Seven University of Maryland student groups are participating in a “May Day of Action” on May 1 to stand in solidarity with immigrants and workers at this university.

At 3 p.m. Monday, students will march to the administration building in an attempt to present a list of at least nine demands to a member of the university administration, said UMD Socialists President Brendan Sullivan.

The UMD Socialists and Young Democratic Socialists are the main organizers of the event, Sullivan added.

Students for Justice in Palestine, Our Revolution, Student Labor Action Project, Prison Resistance Project and the Graduate Student Government are also taking part.

From 11 a.m. to 3 p.m. there will be a rally on Hornbake Plaza with tables representing sponsor groups, music and an open mic.

Sullivan said he expects about 200 people to show up Monday, including the members of the groups involved.

“It’s supposed to be open to anybody who just wants to stand in solidarity with immigrants, immigrant workers, student workers and anything of the sort,” said Our Revolution Director of Outreach Michael Brennan, a sophomore government and politics major.

The demands are “like a demonstration of power,” he added.

There are currently nine demands, with the potential for more to be added, Sullivan said. They include demands for this university’s administration to make this university an official sanctuary campus, for all university workers to have the right to form a union with collective bargaining rights, and for the administration to publicly denounce hate speech and attacks, particularly those targeted against the LGBTQIA community and communities of color.

Our Revolution President Maille O’Donnell, a sophomore environmental science and policy major, said a sanctuary campus is a status that students should be pushing for because a sanctuary campus would show that the administration stands with undocumented students.

“It’s important to also emphasize how much immigrants help grow the economy, which goes against the Trump narrative. We’re trying to fight that [narrative], and emphasize their role and power in the country,” O’Donnell said.

Last November, ProtectUMD, a coalition of 25 student organizations, sent a letter to administrators outlining 64 demands for new programs, resources and initiatives to serve marginalized student populations. After reviewing those demands, university President Wallace Loh wrote in an email response that the coalition’s demand to make this university a sanctuary campus “unnecessary.” Though this university is not labeled a sanctuary campus, Prince George’s County has protocols to protect undocumented immigrants from federal authorities.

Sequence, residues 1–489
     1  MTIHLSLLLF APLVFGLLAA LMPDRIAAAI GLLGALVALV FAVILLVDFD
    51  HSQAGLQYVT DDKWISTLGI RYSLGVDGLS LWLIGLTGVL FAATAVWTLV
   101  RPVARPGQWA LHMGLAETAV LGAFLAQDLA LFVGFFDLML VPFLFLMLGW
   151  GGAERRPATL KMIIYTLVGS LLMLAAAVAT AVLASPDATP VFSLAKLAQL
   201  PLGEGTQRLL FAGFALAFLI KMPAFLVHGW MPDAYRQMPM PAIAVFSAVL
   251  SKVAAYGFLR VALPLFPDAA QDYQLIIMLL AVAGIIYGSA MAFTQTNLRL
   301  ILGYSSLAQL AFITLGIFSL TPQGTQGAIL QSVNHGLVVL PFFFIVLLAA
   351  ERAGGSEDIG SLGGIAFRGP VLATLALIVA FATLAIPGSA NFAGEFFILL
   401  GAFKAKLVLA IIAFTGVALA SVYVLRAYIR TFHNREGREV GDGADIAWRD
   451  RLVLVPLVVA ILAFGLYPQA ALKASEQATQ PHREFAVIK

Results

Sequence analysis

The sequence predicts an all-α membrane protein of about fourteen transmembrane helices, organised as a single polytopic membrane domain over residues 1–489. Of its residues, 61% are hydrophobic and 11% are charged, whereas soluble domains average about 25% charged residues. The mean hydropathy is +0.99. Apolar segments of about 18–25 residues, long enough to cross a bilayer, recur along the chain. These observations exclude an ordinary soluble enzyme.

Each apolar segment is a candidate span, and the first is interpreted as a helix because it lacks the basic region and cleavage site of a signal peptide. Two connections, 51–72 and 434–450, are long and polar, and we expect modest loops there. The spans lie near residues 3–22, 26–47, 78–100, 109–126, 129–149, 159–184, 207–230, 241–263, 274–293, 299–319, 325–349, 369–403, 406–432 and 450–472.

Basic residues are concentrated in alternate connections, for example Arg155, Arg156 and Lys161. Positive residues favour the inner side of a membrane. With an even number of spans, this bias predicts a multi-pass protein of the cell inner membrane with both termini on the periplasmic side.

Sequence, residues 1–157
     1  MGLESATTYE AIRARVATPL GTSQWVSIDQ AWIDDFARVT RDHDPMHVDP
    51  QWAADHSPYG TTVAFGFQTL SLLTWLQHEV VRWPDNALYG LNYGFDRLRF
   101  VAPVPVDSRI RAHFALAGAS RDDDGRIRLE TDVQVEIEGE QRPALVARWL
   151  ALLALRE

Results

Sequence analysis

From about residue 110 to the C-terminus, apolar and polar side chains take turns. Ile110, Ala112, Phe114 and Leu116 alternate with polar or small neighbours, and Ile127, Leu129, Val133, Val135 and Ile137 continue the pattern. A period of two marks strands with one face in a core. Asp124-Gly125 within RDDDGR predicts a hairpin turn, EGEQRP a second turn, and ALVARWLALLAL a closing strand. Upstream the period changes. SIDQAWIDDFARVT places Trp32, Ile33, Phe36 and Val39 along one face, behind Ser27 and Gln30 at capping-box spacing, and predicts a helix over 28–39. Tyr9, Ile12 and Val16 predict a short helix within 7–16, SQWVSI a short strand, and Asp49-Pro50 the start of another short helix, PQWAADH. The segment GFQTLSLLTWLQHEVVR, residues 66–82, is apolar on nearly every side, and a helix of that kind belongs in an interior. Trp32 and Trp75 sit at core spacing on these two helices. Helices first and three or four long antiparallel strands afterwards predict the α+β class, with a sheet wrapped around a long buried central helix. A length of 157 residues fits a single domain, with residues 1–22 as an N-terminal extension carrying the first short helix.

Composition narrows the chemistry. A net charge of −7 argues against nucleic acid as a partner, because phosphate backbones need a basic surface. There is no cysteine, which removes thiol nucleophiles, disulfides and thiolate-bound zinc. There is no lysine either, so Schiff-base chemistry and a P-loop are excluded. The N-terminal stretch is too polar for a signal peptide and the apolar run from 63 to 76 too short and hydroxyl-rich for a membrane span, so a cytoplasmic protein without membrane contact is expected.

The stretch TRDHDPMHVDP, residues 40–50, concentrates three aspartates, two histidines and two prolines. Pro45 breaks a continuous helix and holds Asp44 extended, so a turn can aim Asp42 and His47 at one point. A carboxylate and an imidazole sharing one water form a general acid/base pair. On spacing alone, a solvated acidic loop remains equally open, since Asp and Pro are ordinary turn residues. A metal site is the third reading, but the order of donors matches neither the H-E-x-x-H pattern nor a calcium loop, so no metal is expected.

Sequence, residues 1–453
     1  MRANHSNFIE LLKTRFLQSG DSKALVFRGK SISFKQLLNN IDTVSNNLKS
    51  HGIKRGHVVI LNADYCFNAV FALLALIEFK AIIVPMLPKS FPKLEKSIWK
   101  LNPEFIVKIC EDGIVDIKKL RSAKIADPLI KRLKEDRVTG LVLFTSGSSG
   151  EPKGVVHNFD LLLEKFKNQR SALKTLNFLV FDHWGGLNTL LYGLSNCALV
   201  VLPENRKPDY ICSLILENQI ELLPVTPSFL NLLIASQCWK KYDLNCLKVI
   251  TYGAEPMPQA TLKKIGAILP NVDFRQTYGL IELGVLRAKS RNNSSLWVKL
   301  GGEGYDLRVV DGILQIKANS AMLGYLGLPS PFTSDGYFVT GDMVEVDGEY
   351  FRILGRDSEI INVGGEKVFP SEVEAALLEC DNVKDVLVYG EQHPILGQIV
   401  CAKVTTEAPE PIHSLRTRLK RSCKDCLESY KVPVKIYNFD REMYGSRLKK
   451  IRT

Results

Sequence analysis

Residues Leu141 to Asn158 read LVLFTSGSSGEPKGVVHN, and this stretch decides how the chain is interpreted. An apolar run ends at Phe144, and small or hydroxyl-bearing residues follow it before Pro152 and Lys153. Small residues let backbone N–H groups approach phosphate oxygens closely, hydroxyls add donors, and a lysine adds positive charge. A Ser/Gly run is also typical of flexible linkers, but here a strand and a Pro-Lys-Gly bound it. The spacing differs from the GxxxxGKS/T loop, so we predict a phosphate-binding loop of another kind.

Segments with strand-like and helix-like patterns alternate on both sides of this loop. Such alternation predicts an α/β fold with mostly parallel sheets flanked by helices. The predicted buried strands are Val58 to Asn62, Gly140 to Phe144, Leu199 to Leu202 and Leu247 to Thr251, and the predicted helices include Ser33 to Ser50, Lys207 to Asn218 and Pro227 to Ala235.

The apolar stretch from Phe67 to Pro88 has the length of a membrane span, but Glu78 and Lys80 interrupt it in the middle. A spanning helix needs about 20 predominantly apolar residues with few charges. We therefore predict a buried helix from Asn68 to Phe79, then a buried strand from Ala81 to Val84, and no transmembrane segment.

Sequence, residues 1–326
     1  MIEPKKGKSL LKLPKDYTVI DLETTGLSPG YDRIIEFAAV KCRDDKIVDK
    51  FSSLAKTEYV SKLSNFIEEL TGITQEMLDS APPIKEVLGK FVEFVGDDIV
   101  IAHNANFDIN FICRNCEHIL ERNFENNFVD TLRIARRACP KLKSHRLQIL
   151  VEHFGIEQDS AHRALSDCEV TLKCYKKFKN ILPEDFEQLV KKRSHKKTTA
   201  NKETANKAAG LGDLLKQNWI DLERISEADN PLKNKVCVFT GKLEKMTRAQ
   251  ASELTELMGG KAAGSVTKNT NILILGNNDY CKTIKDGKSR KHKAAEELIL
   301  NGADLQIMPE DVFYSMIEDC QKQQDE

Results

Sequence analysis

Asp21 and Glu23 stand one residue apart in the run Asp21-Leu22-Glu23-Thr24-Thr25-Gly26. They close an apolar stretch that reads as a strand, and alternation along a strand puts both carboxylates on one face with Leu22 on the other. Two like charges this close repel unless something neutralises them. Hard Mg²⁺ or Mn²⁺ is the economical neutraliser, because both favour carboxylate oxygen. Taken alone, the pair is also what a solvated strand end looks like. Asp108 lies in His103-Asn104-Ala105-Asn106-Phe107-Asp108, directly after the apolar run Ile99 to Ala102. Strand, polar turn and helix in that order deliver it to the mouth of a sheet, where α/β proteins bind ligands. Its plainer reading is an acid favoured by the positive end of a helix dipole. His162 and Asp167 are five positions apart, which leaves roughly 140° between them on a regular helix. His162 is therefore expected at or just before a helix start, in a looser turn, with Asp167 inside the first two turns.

[Read more: ProtectUMD demands]

John Dean, the co-chair of Young Democratic Socialists, said the day’s organizers are not calling for a strike on the campus.

“What we want to do is kind of join together the different activist groups that are ready to stand with the people that are on our campus and in our community that are now facing a lot of fear through ICE or different hate speech against them, [such as] the graffiti by Stamp that said ‘Deport Dreamers,'” Dean, a senior environmental science and policy major, said.

On April 18, members of the former student group Terps for Trump chalked pro-deportation and President Trump messages in front of Stamp Student Union. Messages included phrases such as “Deport Dreamers,” “Build the wall,” “Trump 2020” and “MAGA,” an abbreviation for “Make America Great Again.”

[Read more: Terps for Trump chalking outside Stamp advocated building a wall and deporting DREAMers]

This university has 20 students covered under Maryland’s DREAM Act, which grants in-state tuition to undocumented students. As of fall 2016, this university also had 113 students under the federal Deferred Action for Childhood Arrivals program, which allows certain undocumented immigrants to work and study in the U.S. in two-year increments.

While DACA is currently protected under Trump’s administration, the Department of Homeland Security began rolling out plans in February for a wider crackdown on people coming into the U.S. illegally, The Diamondback reported earlier this month.

“Anything that has come out of the Trump presidency, I feel like it’s snowballed into a fear that a lot of people have, and we’re trying to counteract it,” Dean said. “We’re trying to stand up in solidarity and say ‘Hey, you can’t do that.’ We care about everyone in this country, and abroad even. Everyone has the right to be here.”

The history of May Day dates back to the Chicago Haymarket riot on May 4, 1886, when workers were fighting for an eight-hour work day. Inspired by this movement, socialists and unionists worldwide designated May 1 as an international workers’ holiday, known as “May Day.”

Senior history and secondary education major Shane James, the secretary for Students for Justice in Palestine, said May Day is a fitting combination of worker and immigrant rights.

“May Day, workers’ rights, is at the same exact time as the struggle for immigrant rights. And [immigrant rights have] always been at the forefront of the fight for workers’ rights,” James said.